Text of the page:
WASHINGTON — After leading the economy out of recession last year and then flagging over the summer, manufacturers might be getting a second wind.

Factories boosted their output in October by the most since July, the Federal Reserve said Tuesday. Its report follows several other positive readings on the economy, including data released Monday that showed retail sales rose in October by the most in seven months.

“After a pretty disappointing summer, the economic recovery might be picking up,” said Paul Ashworth, an economist at Capital Economics.

And a report Tuesday on wholesale prices showed that the rising production and sales aren’t increasing prices enough to fan inflation fears. That gives the Federal Reserve leeway to carry out its $600 billion bond purchase plan to try to lower interest rates and spur growth.

The Fed’s bond-purchase plan has sparked criticism from some economists who say it risks triggering runaway inflation later on. But several analysts said Tuesday’s tame wholesale price report provides support for the Fed’s move.

“The incoming data suggests, at least for now, that the Fed was justified in its decision,” said Diane Swonk, chief economist at Mesirow Financial.

Meanwhile, as profit reports from major retailers flow in, it’s clear that lower- to middle-class consumers are unlikely to open their wallets wide this holiday season amid an unemployment rate that’s stuck at almost 10 percent.

The wealthy are recovering faster, buoyed by a rising stock market. But their spending still isn’t quite back to where it was before the Great Recession.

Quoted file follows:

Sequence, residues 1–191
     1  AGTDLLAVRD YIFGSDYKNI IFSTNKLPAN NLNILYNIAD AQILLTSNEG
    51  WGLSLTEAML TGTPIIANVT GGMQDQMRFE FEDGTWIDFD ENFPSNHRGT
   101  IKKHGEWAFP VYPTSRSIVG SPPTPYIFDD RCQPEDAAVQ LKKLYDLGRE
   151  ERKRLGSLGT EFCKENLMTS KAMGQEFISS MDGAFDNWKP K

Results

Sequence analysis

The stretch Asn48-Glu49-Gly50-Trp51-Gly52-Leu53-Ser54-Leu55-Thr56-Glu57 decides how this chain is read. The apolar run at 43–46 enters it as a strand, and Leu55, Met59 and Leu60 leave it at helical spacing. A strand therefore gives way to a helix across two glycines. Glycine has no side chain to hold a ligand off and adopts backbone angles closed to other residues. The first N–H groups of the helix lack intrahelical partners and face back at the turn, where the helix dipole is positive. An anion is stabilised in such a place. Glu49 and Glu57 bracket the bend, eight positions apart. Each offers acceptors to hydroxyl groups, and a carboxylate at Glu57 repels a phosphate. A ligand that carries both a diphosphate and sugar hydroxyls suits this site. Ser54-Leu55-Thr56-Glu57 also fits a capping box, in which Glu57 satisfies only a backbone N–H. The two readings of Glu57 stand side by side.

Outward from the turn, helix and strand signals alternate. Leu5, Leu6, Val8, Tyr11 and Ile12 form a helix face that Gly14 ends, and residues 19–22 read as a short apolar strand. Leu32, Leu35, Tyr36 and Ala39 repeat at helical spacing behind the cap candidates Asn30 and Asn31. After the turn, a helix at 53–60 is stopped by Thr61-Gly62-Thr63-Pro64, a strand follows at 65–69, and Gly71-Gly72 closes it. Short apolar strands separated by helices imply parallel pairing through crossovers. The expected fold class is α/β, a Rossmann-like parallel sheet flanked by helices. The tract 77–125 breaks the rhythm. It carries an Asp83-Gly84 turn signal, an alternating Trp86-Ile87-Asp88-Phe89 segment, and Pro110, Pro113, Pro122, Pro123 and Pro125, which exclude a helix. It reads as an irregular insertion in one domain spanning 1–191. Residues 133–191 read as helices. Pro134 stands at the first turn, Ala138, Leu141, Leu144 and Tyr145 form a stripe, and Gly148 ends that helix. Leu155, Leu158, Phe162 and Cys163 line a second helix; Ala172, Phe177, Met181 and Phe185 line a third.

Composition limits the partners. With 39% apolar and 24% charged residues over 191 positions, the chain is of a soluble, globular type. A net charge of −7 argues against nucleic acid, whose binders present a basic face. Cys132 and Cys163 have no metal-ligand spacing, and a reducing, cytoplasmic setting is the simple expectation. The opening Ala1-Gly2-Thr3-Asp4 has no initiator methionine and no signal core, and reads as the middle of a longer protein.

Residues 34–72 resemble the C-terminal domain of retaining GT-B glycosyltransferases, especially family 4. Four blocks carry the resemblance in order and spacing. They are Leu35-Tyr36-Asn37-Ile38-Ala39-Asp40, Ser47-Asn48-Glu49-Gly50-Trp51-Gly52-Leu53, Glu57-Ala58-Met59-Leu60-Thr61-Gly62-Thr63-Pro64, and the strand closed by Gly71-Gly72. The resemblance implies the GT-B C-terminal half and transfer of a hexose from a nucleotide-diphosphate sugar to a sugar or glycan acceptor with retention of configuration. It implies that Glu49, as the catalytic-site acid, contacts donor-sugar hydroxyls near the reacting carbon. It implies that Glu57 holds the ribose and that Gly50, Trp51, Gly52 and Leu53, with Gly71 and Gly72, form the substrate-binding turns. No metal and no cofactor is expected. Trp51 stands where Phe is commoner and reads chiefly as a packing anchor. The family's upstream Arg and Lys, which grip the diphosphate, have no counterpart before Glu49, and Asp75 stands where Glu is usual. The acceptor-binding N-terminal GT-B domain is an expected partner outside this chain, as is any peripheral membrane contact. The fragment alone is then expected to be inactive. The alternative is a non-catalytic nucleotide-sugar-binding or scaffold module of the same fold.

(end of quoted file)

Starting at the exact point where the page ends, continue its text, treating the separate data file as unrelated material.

So companies are learning new ways to tighten expenses in a tepid environment. They’re also looking abroad to bolster sales. That’s generally resulting in solid profits for retailers so far.

“(Retailers) are doing a good job in generating profit growth,” said Ken Perkins, president of RetailMetrics, a research firm. “It’s tough sledding out there, on the domestic front. It’s a zero-sum game. If you miss the boat, competitors are going to take your dollars.”

Based on the 58 retailers that have reported results, total profits are up 11 percent so far compared with last year’s third quarter; Perkins expects that to rise to 14 percent by the time earnings season is done, on top of the 7.8 percent increase last year.

Wal-Mart Stores Inc. reported a 9.3 percent increase in third-quarter net income as the world’s largest retailer benefited from cost controls and a robust international business. The company also raised its full-year profit outlook.

Manufacturers boosted their production by 0.5 percent in October, the Fed said Tuesday. The gain was led by increased output of long-lasting goods such as autos, appliances and business equipment. Overall, industrial production was unchanged last month — but only because of a drop in utilities’ output as unusually warm weather reduced demand for heating.

Economists welcomed the increase in factory production as a sign that business and consumer spending is growing at a sustainable, if still modest, pace.

Wholesale prices rose in October, the fourth straight monthly increase. The gain was due mainly to higher gas costs, and there was no sign of significant inflation as the costs of food, cars and computers all fell. The Producer Price Index rose 0.4 percent, the Labor Department said. The index has risen 4.3 percent over the past 12 months.

But excluding the volatile food and energy categories, the “core” index fell by 0.6 percent. That was the sharpest drop in more than four years. The decline was driven by falling prices for new cars and trucks.

With prices largely in check, the Fed said earlier this month it will buy $600 billion in government bonds over the next eight months to try to lower longer-term interest rates. The idea is that lower rates could lift stock prices as investors shift money out of low-yielding bonds and into stocks. Higher stock prices would make people feel wealthier and more willing to spend.

And if business leaders become more confident as their personal wealth rises, they’re more likely to hire and expand. Once they do, the economy would strengthen.